Brain activity when dreaming
A team of scientists from the University of Rome in 2015 identified the sorts of brain activity associated with the recall of dreams. They found similarities between the parts of the brain that are active when you dream and when your brain is processing events that occurred throughout the day.
What these results suggest is that your brain might be doing the same things to turn dreams and real events into lasting memories. This has allowed scientists to focus their research and explore the mysteries behind why some dreams stay with us whilst others disappear when we wake.
Sensitivity to sound affecting dream recall
In 2014, French researchers explored why some people often remember their dreams, whereas others struggle to recall any at all.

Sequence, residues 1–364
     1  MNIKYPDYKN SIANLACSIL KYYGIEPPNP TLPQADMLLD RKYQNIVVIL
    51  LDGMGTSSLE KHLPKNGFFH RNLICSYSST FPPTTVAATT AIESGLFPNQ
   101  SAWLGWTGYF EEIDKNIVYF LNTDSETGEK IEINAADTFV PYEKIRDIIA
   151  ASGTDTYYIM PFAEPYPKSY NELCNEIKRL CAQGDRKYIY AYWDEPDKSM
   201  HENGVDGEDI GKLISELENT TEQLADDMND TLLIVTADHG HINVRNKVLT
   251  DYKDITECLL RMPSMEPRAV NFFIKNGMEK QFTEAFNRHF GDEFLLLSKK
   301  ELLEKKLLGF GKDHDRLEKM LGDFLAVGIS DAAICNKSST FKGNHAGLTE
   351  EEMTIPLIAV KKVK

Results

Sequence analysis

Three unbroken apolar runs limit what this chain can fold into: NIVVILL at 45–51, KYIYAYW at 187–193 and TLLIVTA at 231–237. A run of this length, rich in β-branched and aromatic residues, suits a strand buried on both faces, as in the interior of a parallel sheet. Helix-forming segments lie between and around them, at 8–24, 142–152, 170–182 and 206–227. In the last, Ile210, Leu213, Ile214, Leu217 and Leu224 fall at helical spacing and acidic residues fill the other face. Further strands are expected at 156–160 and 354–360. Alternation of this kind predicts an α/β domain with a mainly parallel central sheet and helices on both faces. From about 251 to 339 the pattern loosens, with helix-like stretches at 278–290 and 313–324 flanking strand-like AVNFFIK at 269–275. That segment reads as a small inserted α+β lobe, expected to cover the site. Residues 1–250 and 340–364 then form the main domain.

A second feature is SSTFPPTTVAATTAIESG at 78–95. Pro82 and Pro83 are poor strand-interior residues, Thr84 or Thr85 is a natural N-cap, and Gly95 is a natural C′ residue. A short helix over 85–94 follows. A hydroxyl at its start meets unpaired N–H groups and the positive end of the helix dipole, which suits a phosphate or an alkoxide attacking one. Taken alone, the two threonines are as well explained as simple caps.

They found that there are two types of dreamer:
- ‘High dream recallers’ – those who remember their dreams on average 5 mornings per week. And these people had higher levels of brain activity during sleep than:
- ‘Low dream recallers’ – who typically remember their dreams just twice a month.
It seemed that the primary difference between high and low dream recallers was the extent to which people respond to sound during their sleep; high dream recallers had more brain activity in the parts of the brain that respond to sound.
Interestingly, these differences were also observable when the participants were awake. High dream recallers showed a greater sensitivity to external stimuli both when asleep and when awake.
Techniques to remember your dreams